7 July 2014 - Norway will buy 21 million UN-backed certified emission reductions (CERs) for an average price of 2.28 euros each in its international tender to purchase carbon offsets, said the financial institution in charge of the deal on Monday. 'Waste management is a growing contributor to the rising amount of harmful GHG emissions in Latin American cities and the CDM has proved to be the single most effective climate policy instrument to finance mitigation of methane emissions', said Ash Sharma, head of Carbon Finance and Funds at NEFCO. Several developing countries have developed projects under the U.N.'s Clean Development Mechanism (CDM) to collect and destroy methane, a potent greenhouse gas, from landfills. (more)


Success of Maharishi's Programmes
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Interview: Thomas Reinholdt - Transcendental Meditation 'changed everything'
26 August 2015 - Struggling with his studies at university, Thomas Reinholdt set out to find a cure for his short attention span. Once he learned Transcendental Meditation, his focus and efficiency greatly increased, he breezed through law school and embarked on a successful career in finance. Today, he is teaching the TM technique to his peers in the finance industry in Norway. Teaching Transcendental Meditation, he said, 'makes it possible for me to realize myself at the same time as I help others transform their lives toward greater success and happiness. This win-win situation is very fulfilling.' (more)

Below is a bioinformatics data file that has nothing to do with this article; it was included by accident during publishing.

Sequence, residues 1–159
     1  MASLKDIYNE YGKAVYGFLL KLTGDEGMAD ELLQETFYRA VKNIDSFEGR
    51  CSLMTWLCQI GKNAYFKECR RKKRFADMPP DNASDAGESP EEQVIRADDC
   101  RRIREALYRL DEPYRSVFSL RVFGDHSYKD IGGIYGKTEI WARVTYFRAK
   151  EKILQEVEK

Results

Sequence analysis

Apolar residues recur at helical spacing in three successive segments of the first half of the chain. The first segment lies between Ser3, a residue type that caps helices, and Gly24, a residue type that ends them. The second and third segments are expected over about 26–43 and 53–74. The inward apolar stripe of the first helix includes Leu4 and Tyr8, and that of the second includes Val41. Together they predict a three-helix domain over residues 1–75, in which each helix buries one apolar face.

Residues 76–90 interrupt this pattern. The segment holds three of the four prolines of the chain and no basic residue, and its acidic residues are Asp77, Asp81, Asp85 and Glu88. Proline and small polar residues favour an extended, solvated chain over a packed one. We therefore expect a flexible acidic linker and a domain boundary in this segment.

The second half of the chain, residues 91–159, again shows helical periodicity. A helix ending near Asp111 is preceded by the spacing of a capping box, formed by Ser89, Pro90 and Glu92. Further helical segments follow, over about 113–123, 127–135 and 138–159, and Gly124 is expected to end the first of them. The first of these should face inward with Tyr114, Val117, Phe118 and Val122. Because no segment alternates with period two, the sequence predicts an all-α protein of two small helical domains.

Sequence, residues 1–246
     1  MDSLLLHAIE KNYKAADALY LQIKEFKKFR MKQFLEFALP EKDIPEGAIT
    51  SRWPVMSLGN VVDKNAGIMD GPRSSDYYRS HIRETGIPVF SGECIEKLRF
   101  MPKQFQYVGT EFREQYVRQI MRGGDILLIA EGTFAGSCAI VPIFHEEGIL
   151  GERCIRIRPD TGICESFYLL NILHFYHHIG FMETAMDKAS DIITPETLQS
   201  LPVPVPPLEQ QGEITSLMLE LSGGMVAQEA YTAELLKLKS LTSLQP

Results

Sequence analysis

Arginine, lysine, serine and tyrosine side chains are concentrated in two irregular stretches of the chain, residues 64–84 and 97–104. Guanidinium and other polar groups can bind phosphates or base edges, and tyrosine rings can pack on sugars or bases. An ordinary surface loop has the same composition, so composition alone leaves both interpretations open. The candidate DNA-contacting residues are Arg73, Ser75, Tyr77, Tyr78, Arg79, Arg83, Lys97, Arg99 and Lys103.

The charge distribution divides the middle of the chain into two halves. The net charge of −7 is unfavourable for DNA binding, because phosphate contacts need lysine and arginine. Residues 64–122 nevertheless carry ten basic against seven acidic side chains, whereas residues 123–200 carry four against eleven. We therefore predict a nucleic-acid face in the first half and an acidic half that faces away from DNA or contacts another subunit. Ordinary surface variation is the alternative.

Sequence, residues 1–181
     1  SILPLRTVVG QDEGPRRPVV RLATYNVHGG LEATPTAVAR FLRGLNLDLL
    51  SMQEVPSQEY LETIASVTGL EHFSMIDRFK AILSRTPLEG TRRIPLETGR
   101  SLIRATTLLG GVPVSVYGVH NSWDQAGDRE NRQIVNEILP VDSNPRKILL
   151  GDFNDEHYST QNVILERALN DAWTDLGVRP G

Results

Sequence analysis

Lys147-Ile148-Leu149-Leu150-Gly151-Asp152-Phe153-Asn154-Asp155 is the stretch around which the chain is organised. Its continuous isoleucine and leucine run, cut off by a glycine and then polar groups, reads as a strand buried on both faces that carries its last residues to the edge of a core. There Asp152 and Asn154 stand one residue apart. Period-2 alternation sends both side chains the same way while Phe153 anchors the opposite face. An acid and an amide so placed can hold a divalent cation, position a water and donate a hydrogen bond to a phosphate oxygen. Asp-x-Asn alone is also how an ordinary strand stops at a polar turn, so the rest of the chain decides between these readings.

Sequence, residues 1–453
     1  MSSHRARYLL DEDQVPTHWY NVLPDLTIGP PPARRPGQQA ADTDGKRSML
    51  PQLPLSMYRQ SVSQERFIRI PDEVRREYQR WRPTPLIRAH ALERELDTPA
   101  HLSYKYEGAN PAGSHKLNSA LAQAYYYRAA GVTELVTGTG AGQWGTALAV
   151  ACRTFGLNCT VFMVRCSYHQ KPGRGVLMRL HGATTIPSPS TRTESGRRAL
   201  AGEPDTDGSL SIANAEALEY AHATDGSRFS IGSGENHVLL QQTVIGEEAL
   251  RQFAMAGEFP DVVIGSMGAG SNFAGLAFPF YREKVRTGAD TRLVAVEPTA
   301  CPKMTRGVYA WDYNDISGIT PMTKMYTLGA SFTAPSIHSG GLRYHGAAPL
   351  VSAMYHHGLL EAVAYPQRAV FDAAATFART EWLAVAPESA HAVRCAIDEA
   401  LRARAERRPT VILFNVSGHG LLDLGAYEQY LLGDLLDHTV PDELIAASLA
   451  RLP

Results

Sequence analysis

New study sheds light on 'peak experiences' in world-class performers
5 September 2012 - A Norwegian researcher has published a new study on peak experiences among world-class performers in management, sports, classical music, and other professions, which found that during optimal performance they spontaneously experienced 'higher states of consciousness'. They also displayed unique brain wave characteristics. Brain research expert and co-author Dr Fred Travis commented that such peak experiences might be able to be cultivated over time through regular Transcendental Meditation practice. (more)

Norwegian researcher publishes study on peak experiences in top performers